Riley Hospital for Children at IU Health flu-related visitor restrictions have been lifted. However, because babies, especially those who are ill or premature, are at higher risk of serious complications if they get the flu, visitation restrictions are still in place for all Neonatal Intensive Care Units (NICUs) until further notice.
Psoriasis is a chronic, noncontagious skin condition. Children diagnosed with the most common kind of psoriasis get thick red patches (plaques) on their skin. These patches can be itchy and covered with silvery scales. The patches can occur anywhere on the body, but they most often develop on the elbows, knees, scalp and torso.
Psoriasis occurs because of complex abnormalities of the immune system and skin. This means the body’s own immune system attacks developing healthy skin cells, forcing the cells to the skin’s surface faster than normal. Red patches form because of all the extra skin cells.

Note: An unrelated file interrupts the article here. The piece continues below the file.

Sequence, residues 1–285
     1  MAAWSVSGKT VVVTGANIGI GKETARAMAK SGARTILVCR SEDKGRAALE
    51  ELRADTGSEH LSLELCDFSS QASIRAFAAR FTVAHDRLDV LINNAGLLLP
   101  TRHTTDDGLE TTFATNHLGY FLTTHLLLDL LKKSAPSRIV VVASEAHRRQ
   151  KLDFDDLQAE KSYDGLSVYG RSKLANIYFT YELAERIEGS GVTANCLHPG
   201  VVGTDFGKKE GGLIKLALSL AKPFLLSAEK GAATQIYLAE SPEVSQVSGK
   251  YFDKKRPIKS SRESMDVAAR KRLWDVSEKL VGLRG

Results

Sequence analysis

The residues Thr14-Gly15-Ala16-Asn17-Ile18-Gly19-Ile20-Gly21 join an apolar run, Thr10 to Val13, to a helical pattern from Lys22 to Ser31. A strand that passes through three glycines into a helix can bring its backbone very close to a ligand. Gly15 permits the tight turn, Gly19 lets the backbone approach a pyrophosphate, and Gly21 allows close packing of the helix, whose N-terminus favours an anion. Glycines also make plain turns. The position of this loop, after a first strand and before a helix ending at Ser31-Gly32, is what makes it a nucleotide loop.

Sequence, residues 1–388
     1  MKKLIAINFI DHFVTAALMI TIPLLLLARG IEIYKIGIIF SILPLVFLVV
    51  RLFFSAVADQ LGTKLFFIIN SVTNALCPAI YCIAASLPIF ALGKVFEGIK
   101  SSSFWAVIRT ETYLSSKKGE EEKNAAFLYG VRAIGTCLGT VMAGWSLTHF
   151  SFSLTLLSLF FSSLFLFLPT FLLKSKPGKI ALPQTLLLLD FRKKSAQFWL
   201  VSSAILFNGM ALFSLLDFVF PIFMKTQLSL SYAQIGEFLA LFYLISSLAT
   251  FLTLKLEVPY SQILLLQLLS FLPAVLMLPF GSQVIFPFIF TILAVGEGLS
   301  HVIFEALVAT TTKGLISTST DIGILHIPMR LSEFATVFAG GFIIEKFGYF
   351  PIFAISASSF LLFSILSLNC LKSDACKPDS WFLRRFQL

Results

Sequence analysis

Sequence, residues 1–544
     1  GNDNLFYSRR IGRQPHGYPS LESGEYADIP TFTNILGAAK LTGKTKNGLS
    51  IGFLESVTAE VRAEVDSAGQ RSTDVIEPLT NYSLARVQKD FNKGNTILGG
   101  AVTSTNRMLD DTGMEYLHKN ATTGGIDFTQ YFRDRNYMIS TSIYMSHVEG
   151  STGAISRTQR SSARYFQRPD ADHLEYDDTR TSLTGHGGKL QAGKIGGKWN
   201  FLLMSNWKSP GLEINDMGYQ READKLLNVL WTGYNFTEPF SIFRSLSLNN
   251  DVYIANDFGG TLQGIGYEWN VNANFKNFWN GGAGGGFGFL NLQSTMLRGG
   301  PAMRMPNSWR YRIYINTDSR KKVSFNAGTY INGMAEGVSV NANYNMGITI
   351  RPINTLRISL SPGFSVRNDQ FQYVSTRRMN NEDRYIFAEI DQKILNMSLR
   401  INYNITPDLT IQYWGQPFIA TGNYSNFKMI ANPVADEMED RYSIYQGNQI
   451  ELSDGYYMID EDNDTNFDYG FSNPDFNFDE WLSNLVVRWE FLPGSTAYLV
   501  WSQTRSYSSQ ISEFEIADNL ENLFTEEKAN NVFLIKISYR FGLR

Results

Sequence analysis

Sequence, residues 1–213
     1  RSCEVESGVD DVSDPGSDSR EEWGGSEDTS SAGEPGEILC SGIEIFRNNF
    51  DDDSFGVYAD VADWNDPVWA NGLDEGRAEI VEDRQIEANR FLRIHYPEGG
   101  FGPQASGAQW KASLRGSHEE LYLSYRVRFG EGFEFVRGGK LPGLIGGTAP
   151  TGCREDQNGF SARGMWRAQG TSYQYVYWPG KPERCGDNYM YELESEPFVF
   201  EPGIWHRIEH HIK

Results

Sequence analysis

Episodes of psoriasis come and go and can be minor or major. An outbreak can be triggered by a variety of situations such as:
Children with psoriasis may feel self-conscious and can become depressed. In about 40 percent of cases, psoriasis is inherited.
Symptoms of psoriasis can vary depending on the specific type of psoriasis. In general, symptoms include:
There are five different kinds of psoriasis:
There is no cure for psoriasis, but there are good treatments that can reduce symptoms and help control flare-ups.
If your child shows signs of psoriasis, a pediatric dermatologist can perform the following exams and tests to make a diagnosis:
The treatment goal for psoriasis is to get patients into remission. Treatments include:
Many therapies quiet the chronic symptoms of psoriasis, but if patients stop treatments, dry red patches of skin or rashes will return.
Visit the trusted websites below to learn more about psoriasis.
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